Female in Rock: Engaging Males, Embracing Allies

*Guest post by Anna Rae ©2017.   *Illustration by Kip Lyall

Not long ago I was on a walk with a friend of mine who is a male musician. I was railing about the fact that young females are forced to think about adorning their bodies and pandering for male attention, while young males are encouraged to develop a range of skills.

The rock scene lacks women, I claimed, because women have to claw through so much bullshit about what they should care about and do, in order to find space for skill building and self-actualization in music.

This line of argument was upsetting to him. He had joined a band in high school, he said, because it was one of the only ways that young men were allowed to develop friendships and be close. The girls got to talk and share their thoughts. They had sleepovers. They got to be close. Being a young man was isolating and hard. Writing music, he said, was a way to express the pain of isolation.

As a woman in rock, I am forced into mental and emotional isolation. I constantly have to mentally remove myself from the act of creation, to process social dynamics that are sexist and oppressive. Was that just what I thought it was? Should I do something about it? What torrent of absolute bullshit will I have to deal with if I say something?

Still, I am committed to participating in art space with male-identified people and energy. A healthy art space includes room for everyone. And sexist oppression affects all of us.

I’m grateful for the connections I’ve been able to make with men – loved ones, and musical collaborators – who care about and try to understand my experience. I’m grateful for their willingness and ability to speak to the ways that sexism oppresses them.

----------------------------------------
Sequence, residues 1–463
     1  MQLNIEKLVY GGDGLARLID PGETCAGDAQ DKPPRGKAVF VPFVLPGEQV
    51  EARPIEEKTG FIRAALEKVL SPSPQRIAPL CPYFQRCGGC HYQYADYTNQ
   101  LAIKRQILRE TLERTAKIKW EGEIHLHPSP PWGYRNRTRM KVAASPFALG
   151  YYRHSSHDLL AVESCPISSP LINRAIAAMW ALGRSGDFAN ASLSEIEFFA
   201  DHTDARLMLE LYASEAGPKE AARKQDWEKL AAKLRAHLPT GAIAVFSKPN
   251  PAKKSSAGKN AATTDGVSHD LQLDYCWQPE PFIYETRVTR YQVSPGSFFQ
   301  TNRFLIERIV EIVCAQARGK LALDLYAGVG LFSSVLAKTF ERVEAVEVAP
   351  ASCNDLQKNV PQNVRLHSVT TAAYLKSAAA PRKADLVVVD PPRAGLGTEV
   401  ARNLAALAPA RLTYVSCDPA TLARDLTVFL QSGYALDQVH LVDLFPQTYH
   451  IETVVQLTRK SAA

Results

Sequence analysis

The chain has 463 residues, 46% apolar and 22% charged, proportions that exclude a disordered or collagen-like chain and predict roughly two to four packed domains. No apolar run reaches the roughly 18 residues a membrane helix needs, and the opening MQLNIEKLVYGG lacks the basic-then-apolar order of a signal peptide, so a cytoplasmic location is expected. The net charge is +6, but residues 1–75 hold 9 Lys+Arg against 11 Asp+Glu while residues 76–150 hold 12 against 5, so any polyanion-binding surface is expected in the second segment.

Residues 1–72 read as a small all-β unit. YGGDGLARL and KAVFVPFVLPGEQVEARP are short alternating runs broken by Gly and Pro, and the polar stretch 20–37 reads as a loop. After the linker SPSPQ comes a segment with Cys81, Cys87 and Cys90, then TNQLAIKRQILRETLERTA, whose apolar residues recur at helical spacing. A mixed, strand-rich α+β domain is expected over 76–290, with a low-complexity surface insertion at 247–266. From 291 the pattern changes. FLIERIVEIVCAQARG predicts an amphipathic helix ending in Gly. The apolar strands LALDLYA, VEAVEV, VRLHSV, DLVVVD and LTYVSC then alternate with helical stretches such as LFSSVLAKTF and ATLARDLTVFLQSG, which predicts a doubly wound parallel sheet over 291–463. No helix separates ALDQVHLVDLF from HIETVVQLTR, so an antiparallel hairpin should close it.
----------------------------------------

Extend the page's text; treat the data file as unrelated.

Besides, what about the male in me? I have become less and less comfortable with the labels “woman,” and “female.” I experience gender as a social construct and recognize in myself a variety of characteristics that are labeled male, female, or otherwise.

I have created female-only art space in the past. Certain things appear, and other things disappear. The need to make art in a way that is accepted as normal by male standards disappears. Stories that are only safe to tell in that space appear.

But in the same way that a male-dominated rock scene cannot accommodate all of me, neither can female-only space. I am strong and brave and kind. I want to use my strength, bravery, and kindness to engage male energy and identity in myself and others.

I don’t want to push anyone or any part of myself to the margins. I want us all to come right to the red-hot center and make some red-hot art.

*Anna Rae is a member of the poprock band Hemway, releases solo music as Anna Rae, produces the inclusive multimedia event series All Together Now, and writes about the lives and fashion of queer performers for Qwear.
*Kip Lyall is a Somerville-living artist, illustrator, and musician. He once spent a few weeks animating the adventures of Word Girl, a super-heroine who used her knowledge of grammar and language to defeat evil. You can find more of his work at kiplyall.com

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